In Bosnia and Herzegovina, workers in the private sector are mostly underpaid, their employment status is often not regulated enough, and they are paid their salaries in illegal ways, which means they get fewer pension benefits. What is more, employers often violate or deny their employees’ labour rights. This means that workers worry that they will lose their jobs, leaving them with not enough money to live on.
In particular, women working in the retail and commerce sector face acute challenges. For example, they work unpaid overtime, or must work during holidays. They even face mobbing. So far, this is a topic that the government, political parties, or the civil sector have not researched or addressed.
The Westminster Foundation for Democracy (WFD) in Bosnia and Herzegovina is working to help solve these problems and address the challenges faced by women employed in the retail and commerce sector.
WFD’s recent research investigated the position of women working in retail and commerce, the ways in which their labour rights are violated, and who is responsible for what.
The study is part of WFD’s programme to support women leaders get more involved in formal politics and promote gender-responsible policies in Bosnia and Herzegovina.
Unprotected at work, women experience a lower social status
The study identified several problems. Firstly, it found that there is a big difference between labour laws and the real situation on the ground. Unpaid overtime, working on holidays and weekends and limited daily breaks a were identified as primary problems for workers in the country.
Among the most vulnerable workers are those in the commerce sector where women make up almost half the labour force, the study shows. The proportion of women is even greater when we look at specific jobs in the sector, such as workers employed as retail salespersons (and in similar jobs).
The research identified violations of workers’ rights and concluded that legal solutions were inadequate or were not consistently applied.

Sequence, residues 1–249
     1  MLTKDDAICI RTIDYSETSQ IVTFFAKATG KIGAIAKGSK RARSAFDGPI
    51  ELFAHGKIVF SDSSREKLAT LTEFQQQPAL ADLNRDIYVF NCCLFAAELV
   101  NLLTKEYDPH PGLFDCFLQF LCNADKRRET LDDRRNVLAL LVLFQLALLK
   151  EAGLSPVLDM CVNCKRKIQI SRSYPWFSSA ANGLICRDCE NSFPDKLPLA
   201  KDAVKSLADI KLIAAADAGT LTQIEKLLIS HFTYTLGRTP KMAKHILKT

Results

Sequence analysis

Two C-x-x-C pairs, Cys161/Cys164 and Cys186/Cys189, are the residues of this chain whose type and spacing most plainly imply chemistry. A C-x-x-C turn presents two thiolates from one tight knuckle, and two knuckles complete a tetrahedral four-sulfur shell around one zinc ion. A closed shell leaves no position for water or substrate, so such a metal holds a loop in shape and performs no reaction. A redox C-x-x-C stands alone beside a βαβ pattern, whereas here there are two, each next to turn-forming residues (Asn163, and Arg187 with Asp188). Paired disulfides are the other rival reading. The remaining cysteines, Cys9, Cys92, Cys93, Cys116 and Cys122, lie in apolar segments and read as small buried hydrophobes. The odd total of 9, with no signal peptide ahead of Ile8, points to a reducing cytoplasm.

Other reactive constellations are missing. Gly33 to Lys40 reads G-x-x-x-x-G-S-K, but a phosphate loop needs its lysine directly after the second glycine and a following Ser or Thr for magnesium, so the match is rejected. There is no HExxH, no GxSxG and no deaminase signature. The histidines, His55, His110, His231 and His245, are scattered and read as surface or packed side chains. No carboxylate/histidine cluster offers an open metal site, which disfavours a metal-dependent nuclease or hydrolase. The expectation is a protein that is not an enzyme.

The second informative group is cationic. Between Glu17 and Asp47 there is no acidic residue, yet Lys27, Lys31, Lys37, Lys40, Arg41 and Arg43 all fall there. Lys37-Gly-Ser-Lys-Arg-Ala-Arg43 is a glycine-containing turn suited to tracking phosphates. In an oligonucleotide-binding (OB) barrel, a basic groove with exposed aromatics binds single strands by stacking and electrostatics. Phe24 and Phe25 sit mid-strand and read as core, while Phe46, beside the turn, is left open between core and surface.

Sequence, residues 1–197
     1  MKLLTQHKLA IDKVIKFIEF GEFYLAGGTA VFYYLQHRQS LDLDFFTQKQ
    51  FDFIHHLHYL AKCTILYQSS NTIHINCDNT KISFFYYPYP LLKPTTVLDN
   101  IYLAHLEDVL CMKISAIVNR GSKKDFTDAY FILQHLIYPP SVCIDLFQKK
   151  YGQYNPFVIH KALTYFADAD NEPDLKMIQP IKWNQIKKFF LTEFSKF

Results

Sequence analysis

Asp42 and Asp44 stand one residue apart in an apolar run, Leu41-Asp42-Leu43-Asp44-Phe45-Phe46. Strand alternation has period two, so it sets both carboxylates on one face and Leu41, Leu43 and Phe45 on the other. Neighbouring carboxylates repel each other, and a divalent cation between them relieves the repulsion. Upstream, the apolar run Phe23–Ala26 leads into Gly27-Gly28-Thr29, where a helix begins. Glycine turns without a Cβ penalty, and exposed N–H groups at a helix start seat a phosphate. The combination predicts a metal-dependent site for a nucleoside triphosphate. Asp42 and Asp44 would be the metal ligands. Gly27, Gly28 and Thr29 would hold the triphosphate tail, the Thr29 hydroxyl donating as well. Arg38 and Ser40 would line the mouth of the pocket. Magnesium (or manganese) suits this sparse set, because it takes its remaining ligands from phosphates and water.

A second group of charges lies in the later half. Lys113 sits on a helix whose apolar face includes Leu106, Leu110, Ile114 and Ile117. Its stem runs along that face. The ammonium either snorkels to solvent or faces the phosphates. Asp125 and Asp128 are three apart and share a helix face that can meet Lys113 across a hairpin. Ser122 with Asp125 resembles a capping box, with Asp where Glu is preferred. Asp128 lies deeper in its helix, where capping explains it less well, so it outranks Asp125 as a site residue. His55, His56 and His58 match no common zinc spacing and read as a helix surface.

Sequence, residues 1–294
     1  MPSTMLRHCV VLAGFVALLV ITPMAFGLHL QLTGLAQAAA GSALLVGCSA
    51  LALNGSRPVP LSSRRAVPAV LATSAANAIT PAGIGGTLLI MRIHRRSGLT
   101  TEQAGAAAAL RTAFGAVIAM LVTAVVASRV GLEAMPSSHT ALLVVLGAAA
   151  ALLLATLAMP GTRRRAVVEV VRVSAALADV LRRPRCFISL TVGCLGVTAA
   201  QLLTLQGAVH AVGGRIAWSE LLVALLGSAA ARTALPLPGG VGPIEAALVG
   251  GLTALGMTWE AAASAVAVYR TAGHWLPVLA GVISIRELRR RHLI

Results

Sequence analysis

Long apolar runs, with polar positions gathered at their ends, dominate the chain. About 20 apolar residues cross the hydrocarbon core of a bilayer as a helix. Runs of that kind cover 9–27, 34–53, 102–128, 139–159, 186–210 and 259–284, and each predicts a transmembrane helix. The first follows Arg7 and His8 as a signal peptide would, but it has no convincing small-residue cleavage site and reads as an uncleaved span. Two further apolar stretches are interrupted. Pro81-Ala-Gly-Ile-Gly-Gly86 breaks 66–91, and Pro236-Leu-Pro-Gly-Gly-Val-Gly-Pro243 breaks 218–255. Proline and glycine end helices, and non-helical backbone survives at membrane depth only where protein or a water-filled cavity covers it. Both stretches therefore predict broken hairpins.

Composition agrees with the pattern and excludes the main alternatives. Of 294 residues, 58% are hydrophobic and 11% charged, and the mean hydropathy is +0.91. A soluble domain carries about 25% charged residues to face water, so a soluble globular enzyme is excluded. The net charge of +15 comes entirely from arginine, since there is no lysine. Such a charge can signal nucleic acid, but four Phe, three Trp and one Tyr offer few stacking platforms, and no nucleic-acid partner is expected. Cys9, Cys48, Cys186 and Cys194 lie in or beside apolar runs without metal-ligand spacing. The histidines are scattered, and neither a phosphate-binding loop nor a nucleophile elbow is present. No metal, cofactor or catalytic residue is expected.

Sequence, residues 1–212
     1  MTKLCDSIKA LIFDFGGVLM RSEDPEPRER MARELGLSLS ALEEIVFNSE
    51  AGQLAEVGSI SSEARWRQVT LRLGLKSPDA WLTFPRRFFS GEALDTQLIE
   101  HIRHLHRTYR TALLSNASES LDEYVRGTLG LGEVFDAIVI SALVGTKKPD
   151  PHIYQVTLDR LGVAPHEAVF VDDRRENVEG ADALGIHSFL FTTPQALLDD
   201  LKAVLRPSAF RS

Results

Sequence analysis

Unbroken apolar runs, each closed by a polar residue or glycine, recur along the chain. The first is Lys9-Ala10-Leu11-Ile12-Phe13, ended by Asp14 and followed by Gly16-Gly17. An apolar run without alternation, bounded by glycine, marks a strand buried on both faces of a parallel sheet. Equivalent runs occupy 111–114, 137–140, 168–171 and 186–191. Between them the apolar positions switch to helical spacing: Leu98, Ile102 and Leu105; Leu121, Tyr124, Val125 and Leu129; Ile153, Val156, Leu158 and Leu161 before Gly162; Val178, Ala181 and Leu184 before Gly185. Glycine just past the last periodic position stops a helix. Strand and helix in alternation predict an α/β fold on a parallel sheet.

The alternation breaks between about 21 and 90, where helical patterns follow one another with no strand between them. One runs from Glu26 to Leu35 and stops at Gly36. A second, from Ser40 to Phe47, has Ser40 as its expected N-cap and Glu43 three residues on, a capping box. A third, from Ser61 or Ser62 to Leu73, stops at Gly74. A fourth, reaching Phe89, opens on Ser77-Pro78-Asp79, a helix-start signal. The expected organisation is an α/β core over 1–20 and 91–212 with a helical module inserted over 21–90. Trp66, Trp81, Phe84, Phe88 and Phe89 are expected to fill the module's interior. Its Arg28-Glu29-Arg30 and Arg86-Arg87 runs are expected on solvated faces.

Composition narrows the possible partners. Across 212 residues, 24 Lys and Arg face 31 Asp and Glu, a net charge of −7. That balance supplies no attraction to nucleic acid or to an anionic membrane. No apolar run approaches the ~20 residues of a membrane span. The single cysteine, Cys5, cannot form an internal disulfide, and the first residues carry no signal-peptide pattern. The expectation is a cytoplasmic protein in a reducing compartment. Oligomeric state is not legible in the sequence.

As well as an overview of the relevant laws, the study identified the relevant actors involved in these issues; their role, capacities and attitudes; and how they are connected. The study draws on the results of a survey conducted in the Sarajevo and Banja Luka regions during March and April 2019.
The study also proposes measures that could help solve those problems. They include:
- Increase the number of labour inspectors and run campaigns on reporting employers that violate labour laws and regulations.
- Provide inspectors with broader authority and enable them to impose more immediate penalties for violations they find.
- Create a public campaign to inform female workers in the retail commerce sector about their labour rights.
- Intensify activities and the engagement of unions to inform workers of their rights and protect their rights through union organisations.
- Enact a new law on protection at work.
Importantly, the study provides a set of concrete, statistical data that MPs and civil society can use to develop and argue for policies and initiatives to change and improve the laws in Bosnia and Herzegovina.
This research study contributes to a better understanding of the circumstances, mechanisms and ways that violations of the rights of women workers in the retail commerce sector are manifested, as well as the factors that contribute to such situations. In determining the effect that labour rights violations have on women, their everyday lives and social status, the study will help to promote gender-responsible policies in Bosnia and Herzegovina.